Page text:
I am working on last details, the volume differences, if any, between tracks, the pauses between tracks and so on. People used to like to have several seconds between tracks, that means when one track ends you can see the CD player counting down the seconds before the next track starts, but I prefer to create a more continuous story and often have no pause between tracks at all. I expect to send the master off tomorrow.
A Furoshiki by any other name:
SkoobaWrap – Protective Wrap – Medium
Talk about a product with “a jillion-and-one uses!” Versatile, inexpensive SkoobaWraps are an ideal way to add an extra measure of carrying protection, particularly inside luggage, carry-ons, or other unpadded cases. Just wrap up anything you want to protect, pack it, and go!
Maybe these should be called junior Furoshikis, because they are made with “hook/loop closures” (((which really means they are velcro, but they don’t want to use the trademarked name because they found a cheaper source))), just like kid’s shoes that have velcro closures instead of laces.
George Zimbel | Multimedia > A Freelance Photographer vs The New York Times
Many media companies are often at odds with freelance writers and photographers over who owns the words and images once they have appeared in print.
What follows is an exchange of letters about a single picture. It was triggered by an e-mail from the photographer, George S. Zimbel, to Barbara Cox of Photokunst, a consulting firm for both individual photographers and archives, including The New York Times archives.
Impressive, how he remained polite and professional throughout, although we can tell his blood was boiling.
Some photos I took in March. Seems like decades ago – you should see the beard I grew in the studio since then!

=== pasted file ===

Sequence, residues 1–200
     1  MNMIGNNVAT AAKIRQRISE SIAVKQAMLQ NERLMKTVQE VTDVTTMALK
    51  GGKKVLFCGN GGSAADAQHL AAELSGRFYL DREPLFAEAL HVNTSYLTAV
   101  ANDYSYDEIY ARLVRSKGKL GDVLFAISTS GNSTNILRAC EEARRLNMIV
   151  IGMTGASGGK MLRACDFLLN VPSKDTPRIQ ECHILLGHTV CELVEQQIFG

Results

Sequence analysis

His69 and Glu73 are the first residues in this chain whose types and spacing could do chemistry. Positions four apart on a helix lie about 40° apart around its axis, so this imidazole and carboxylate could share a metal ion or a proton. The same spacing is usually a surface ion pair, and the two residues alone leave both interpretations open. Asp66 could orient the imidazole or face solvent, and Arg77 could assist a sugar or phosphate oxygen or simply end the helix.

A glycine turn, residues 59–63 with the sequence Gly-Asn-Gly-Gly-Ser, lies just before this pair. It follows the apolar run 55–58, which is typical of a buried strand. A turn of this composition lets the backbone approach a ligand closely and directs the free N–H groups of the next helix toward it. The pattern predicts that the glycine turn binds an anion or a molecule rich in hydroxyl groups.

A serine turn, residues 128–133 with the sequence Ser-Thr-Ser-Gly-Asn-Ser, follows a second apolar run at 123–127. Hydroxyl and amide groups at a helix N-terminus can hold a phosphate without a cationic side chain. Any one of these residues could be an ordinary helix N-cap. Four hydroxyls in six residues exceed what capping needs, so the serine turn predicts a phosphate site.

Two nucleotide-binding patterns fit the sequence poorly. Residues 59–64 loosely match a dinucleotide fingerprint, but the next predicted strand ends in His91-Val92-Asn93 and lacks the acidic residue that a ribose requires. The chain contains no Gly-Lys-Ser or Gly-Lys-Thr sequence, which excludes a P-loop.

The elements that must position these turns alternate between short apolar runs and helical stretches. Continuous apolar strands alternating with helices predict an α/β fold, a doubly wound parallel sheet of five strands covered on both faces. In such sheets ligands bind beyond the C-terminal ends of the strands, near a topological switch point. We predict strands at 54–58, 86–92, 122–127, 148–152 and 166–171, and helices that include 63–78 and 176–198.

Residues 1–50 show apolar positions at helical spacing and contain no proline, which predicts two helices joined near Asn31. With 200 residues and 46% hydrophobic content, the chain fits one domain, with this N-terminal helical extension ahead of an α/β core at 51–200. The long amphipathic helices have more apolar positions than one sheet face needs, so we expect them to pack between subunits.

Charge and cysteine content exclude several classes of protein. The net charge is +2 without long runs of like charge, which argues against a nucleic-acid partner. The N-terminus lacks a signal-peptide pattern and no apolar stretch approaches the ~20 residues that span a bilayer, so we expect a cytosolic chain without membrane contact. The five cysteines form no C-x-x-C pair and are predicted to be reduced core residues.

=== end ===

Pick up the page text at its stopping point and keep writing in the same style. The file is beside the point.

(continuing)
More William Gibson, because he nails it:
For the past few months, writing daily, I found myself wondering what that would look like on a brain scan. I suspect there’s some specific neurological activity, one that I can’t necessarily produce at will. It’s possible to get into a groove, though, and just do it, though at definite cost to everything else in one’s life.
(Via Gibson Blog)
Denial of expertise ¶ Personal Weblog of Joe Clark, Toronto
At a certain point, you have to admit you aren’t good enough to do something better than an expert could do it even if the technical option exists for you to give it a shot anyway.
While people will tolerate a lot of things, what we want are beautiful things that work well. There aren’t many nonexperts who can accomplish that. Expertise needs schooling, maturation, taste, and quite a lot of attitude.
The foregoing explains why open source has nothing to teach literature or indeed any artistic creation, since talent doesn’t scale as you give more and more developers check-in access to the version-control system set up for your novel. It further explains why one’s inability to hack an iPad means precisely nothing. Nobody needs to program an iPad to enjoy using it, except those who have no capacity for enjoyment other than programming and complaining about same.
This was the weekend those of us with high standards lost their remaining residue of patience for ideologues who hyperbolize about open systems without actually creating something people want to use.
(Via Daring Fireball)